Happy Birthday to the fantastic Salena Godden!! Springfield Road is a journey into childhood in the late 1970s, a time of halfpenny sweets, fish n chips in newspaper, scrumping apples and foraging for conkers. Set in the dawn of Thatcher’s Britain, it’s a salute to every curly-top, scabby knee’d, mixed-up, half-crazy kid with NHS glasses, free school dinners & hand-me- downs, as told by the daughter of an Irish jazz musician and a Jamaican go-go dancer. It’s about discovering that life is unfair, that there are bullies out there, and that parents die; yet it is the very antithesis of a misery memoir.

It’s a vivid, uplifting tale that seeks out the humour, colour and tenderness in the world, and when you read … More

Working-class stories are not always tales of the underprivileged & dispossessed. Common People is a collection of essays, poems & memoir written in celebration, not apology: these are narratives rich in barbed humour, reflecting the depth & texture of working-class life, the joy & sorrow, the solidarity & the differences, the everyday wisdom & poetry of the woman at the bus stop, the waiter, the hairdresser. Here, Kit de Waal brings together 33 established & emerging writers who invite you to experience the world through their eyes, their voices loud & clear as they reclaim & redefine what it means to be working class.

Features original pieces from Damian Barr, Malorie Blackman, Lisa Blower, Jill Dawson, Louise Doughty, Stuart Maconie, Chris McCrudden, Lisa McInerney, … More

Available now in paperback, The Life and Rhymes of Benjamin Zephaniah. Benjamin Zephaniah, who has travelled the world for his art & his humanitarianism, now tells the one story that encompasses it all: the story of his life. In the early 80s when punks & Rastas were on the streets protesting about unemployment, homelessness & the National Front, Benjamin’s poetry could be heard at demonstrations, outside police stations & on the dance floor. His mission was to take poetry everywhere, & to popularise it by reaching people who didn’t read books.

His poetry was political, musical, radical and relevant. By the early 1990s, Benjamin had performed on every continent in the … More

Born OTD in 1939, Irish poet, playwright and translator, Seamus Heaney. The poems in Seamus Heaney’s collection The Spirit Level keep discovering the possibilities of ‘a new beginning’ in all kinds of subjects and circumstances. What is at stake, in poem after poem, is the chance of buoyancy and balance, physical, spiritual and political. Private memories, classical scenes, humble domestic objects – a whitewash brush, a sofa, a swing – are endowed with talismanic significance, while friends and relatives are invoked for their promise and steadfastness.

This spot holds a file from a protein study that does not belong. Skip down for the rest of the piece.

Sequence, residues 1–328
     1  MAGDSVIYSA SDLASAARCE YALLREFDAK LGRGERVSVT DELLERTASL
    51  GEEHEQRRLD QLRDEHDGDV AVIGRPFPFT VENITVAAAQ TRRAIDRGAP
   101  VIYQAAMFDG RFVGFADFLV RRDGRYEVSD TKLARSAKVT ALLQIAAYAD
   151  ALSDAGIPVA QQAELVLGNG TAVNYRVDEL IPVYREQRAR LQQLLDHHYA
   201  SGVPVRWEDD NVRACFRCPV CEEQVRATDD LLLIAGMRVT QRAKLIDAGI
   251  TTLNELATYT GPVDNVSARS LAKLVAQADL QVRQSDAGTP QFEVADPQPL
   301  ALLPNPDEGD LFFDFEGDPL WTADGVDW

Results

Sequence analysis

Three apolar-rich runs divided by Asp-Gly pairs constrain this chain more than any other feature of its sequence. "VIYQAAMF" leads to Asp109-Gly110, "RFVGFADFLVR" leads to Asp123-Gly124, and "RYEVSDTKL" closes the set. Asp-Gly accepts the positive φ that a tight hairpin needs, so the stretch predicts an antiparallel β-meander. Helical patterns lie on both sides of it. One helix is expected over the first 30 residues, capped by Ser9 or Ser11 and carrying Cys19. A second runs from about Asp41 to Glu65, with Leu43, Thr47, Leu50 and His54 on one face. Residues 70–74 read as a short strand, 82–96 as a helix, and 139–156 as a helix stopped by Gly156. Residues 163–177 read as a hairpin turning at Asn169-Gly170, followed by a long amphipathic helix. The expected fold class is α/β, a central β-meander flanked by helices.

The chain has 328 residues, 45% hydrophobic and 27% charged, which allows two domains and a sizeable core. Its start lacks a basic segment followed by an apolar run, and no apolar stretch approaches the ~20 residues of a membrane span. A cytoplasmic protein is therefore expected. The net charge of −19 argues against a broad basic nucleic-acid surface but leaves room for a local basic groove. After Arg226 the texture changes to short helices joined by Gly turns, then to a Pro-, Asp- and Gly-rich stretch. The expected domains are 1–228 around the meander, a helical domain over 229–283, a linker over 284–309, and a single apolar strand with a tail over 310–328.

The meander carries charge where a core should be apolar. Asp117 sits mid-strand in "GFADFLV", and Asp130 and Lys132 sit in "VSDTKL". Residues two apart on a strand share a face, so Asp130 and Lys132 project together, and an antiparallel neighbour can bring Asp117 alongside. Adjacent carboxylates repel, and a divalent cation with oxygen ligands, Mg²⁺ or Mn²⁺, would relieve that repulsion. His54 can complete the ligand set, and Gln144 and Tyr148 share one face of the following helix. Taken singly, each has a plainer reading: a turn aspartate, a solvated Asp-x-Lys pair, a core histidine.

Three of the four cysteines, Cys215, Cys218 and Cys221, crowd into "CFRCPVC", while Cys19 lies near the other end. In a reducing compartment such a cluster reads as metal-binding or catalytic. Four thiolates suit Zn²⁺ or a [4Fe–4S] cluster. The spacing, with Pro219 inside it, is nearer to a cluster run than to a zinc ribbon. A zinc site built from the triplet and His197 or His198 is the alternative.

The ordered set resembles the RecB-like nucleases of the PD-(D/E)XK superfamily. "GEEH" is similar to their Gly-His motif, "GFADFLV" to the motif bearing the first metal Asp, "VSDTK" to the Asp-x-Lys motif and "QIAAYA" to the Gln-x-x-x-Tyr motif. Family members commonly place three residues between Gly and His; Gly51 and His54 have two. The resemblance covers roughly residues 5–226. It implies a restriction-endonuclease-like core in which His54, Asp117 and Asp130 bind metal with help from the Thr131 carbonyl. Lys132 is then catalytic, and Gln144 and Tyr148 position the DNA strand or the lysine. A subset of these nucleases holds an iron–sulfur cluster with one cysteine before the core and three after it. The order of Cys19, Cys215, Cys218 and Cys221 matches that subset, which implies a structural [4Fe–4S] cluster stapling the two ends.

Throughout the collection, Heaney addresses his concerns, which inevitably include the political situation in his native Northern Ireland, in a … More

Curated by poet Helen Calcutt, the anthology features a host of male and female voices sharing their experiences of suicide, mental health, or grief – from those who have been on the brink of suicide, to those who have lost a loved one, or been moved more generally by the campaign. It is both an uncensored exposure of truths, as well as a celebration of the strength and courage of those willing to write and talk about their experiences, using the power of language to openly address and tackle an issue that directly affects a million people every year.

Eighty Four is a new anthology of poetry on the subject of male suicide in aid of CALM. Poems have … More

The title Dangerous Dog raises expectations of a certain aggressive, punky aesthetic, which is certainly present, but the collection is richer and broader than that, even surprisingly traditional in places. The poems explore a truly impressive range of themes and moods, from the small-scale and domestic in poems such as ‘Asleep: Breathing Observed’ and ‘Burberry Tie’, to meditations on humankind’s place in the universe and the nature of freedom.

The ‘title track’ ‘Dangerous Dog’ is like a key to the whole book. Images of confinement (there’s a recurring motif … More

Sincerity is Duffy’s final collection of poems as Poet Laureate. Time and its passage are at the heart of this reflective work, which gazes out from the autumn of life. There are moving elegies here for what has departed; whether that be children who have flown the nest, a way of life, literary luminaries, past loves, lost parents or our own youth.

As Duffy dramatizes scenes from childhood, adolescence and adulthood, she finds moments of grace or consolation in memory, love and … More